In our last conversation before I left his room, I told him that I loved him and was scared for him, but for some reason I was also scared for me. I really really didn’t want him to go. He died less than three weeks after diagnosis, without the medical establishment doing much of anything to even try to help him.
For some reason, more than almost anyone else I wonder for him what happens after death. He was a Christian. I suppose he believed in heaven, but come to think of it I never asked. Since I (think I) believe in the cycle of reincarnation until one reaches a state where they can join the universal energy that might be called nirvana – that would mean he could be somewhere else in the world right now. Or maybe in some alternate universe…which I would wish more for him, heaven or a new life in a new body, I can’t say with certainty.
I only know that all these years later, I still miss him
Why haven’t I made any posts in months?
Blah blah busy blah blah blah work blah blah moving offices blah blah blah…nothing “Buddhist enough” to say.
Yes, it’s true. After sixteen years of Buddhist practice I continue to fall victim to dualistic thinking and tie myself to attachments about the need to be profound in some way. Haha! I’m sure I’m not alone here and I do have a good sense of humor about it. Prajna is a process.
I mean really. The whole reason for calling the blog Average Buddhist is because I’m just an average person workin’ the Dharma. It’s about the small stuff.
Think small. Think small.
Suicide touches millions of lives in this world. Yet, somehow it’s always a surprise when someone you know commits suicide. You can’t help but think - I should have known. I should have seen it coming. We all carry this underlying assumption that we could have done something to prevent it.
Last December, my husband and I learned a good friend of his mother’s had passed away. There were no details at first. The fact of her death was difficult and hard to imagine, given her lifelong active and healthy lifestyle. Worse, particularly for my mother-in-law, was that we didn’t find out until three months later. After several days of phone tag, my mother-in-law learned that her friend had not died of natural causes, but from suicide. The few months over which they had fallen out of touch took on new meaning. All of us were left wondering - why?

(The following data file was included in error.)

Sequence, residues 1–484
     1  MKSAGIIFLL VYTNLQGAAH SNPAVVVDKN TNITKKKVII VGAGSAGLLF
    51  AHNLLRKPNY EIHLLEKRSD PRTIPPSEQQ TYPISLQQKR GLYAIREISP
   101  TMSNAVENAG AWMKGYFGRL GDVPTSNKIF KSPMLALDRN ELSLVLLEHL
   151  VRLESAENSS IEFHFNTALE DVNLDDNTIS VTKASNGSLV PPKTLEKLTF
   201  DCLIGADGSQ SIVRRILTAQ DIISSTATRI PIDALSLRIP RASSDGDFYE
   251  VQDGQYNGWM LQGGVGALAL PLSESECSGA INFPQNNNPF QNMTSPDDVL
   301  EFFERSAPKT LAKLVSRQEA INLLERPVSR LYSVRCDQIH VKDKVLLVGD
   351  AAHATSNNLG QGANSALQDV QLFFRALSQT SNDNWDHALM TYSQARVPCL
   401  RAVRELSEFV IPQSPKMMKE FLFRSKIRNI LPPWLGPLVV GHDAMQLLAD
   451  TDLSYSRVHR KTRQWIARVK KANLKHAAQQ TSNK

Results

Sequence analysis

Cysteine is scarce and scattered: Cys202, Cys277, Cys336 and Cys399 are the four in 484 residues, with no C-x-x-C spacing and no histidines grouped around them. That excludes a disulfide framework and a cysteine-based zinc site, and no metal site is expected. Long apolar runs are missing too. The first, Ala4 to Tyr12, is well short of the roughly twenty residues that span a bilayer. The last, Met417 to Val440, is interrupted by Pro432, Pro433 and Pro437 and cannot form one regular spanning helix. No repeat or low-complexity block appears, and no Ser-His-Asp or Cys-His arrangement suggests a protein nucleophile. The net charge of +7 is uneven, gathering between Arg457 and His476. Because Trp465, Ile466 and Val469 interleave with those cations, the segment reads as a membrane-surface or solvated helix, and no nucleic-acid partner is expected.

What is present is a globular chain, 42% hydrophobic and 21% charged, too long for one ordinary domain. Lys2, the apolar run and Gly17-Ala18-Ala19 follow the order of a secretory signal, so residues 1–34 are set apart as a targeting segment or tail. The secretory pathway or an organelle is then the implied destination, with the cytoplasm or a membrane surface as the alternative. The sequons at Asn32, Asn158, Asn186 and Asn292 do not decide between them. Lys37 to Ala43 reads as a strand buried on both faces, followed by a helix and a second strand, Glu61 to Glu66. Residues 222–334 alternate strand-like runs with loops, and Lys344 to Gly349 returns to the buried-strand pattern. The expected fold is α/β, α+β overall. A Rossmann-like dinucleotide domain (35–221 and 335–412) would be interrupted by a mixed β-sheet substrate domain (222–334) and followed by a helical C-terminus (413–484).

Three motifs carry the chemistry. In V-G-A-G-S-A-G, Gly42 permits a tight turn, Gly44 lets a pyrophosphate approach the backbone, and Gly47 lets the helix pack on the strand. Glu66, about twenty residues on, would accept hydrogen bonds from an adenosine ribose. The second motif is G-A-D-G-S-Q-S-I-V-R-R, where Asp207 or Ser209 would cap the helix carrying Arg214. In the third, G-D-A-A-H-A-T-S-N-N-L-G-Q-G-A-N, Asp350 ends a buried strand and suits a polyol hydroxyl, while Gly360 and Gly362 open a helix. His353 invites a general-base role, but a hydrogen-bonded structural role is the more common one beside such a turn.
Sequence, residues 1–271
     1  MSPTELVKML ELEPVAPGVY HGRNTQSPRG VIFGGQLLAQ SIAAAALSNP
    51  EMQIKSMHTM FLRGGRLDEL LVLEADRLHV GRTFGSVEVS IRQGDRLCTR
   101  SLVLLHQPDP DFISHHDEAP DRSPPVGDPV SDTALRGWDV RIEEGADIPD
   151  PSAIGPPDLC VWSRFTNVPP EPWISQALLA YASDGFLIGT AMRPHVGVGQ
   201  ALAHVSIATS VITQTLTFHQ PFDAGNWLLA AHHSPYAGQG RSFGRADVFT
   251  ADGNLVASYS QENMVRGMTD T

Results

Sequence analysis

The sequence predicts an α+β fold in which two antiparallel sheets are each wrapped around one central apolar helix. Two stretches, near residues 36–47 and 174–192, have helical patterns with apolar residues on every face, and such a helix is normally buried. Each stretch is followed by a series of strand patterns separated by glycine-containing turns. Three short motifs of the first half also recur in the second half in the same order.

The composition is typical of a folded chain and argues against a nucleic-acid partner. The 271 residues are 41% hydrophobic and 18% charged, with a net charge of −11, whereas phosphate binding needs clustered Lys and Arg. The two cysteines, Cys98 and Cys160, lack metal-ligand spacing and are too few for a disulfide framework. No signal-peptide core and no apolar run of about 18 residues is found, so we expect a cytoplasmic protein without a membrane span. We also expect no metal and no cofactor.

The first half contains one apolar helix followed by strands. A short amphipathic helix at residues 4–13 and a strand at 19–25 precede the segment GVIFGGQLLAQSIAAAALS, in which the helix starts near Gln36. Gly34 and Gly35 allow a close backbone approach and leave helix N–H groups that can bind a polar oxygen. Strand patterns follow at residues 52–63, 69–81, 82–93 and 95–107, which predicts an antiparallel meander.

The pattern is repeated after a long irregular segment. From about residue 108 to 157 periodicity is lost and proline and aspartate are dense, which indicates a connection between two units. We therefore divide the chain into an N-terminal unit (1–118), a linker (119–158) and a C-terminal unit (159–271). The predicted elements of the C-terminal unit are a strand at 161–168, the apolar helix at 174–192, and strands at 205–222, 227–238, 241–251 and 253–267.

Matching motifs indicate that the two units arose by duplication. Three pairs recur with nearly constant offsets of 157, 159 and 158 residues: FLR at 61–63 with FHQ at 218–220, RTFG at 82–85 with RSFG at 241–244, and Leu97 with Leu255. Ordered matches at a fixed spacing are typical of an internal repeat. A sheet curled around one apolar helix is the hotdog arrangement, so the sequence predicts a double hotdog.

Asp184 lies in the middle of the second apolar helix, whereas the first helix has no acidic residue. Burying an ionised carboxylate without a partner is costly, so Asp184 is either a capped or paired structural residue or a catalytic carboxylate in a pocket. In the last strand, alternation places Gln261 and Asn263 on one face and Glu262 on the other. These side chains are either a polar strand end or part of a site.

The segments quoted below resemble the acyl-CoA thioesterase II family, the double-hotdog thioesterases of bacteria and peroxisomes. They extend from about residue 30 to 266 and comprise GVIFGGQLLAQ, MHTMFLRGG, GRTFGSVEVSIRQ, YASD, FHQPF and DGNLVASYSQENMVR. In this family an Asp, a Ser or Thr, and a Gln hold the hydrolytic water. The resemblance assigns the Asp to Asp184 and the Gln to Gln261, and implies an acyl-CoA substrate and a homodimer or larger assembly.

I first met “E” in the late 1980′s or early 1990′s – I can’t recall which. She was someone who was very easy to connect with. She had a calming influence on every room she walked into. Her smile was contagious. She would go to any lengths to help a friend feel better. I know all of this sounds cliché given that E is no longer with us, but it’s actually true. It was hard to imagine E feeling so desperate that she would take her own life.
If only we’d known.
There’s the real cliché. The survivors seeking ground. We grasp onto the certainty of our own power to force our will to live on another person. If only we’d known, we could have stopped it. The certainty is laughable.
Earlier today, I managed to finally connect with another woman who knew E well, much better than me in truth. She and E used to either see each other or communicate at least once a week. She told me she had also been shocked by the news. She knew a recent illness-related death in E’s family had hit E hard emotionally. But there was apparently been no indication that E’s grieving was going so terribly wrong. Perhaps there was more going on. We’ll never know.
The truth is, it is a privilege when others open their thoughts to us. Whether those thoughts are full of sunshine or a tsunami of pain, every person is in control of whether they share it with the people they know and love. If they decide not to there is absolutely nothing to do for it. It’s not for us to say that we would have been smart enough, creative enough or forceful enough to stop someone from taking drastic measures. Despite numerous opportunities, E decided not to share.
As a member of the clan of people who has been left behind by E, I need to set aside my Tom-Cruise-saves-the-day story lines and instead come back to focusing on E. Grieve the loss. Make peace with the fact that I’ll never see her again. Bow to the internal pain that made her feel like suicide was her only best option.
Namasté, E. I will miss you.
Well, the past year plus has really kicked my butt. So, many things took a back seat to the chaos – including blogging (which is a shame because I love it). Most of this chaos was work-related.
In short, I’ve been self-employed for many years as a private practice speech-language pathologist (with a specialty in voice and larynx disorders) and singing teacher. Balancing the desire to care for my clients with the vagaries of the health insurance climate was always dicey. Late last year, a staff member left and the search for a replacement revealed that maintaining an independent practice is simply not sustainable. Thus the chaos that ensued.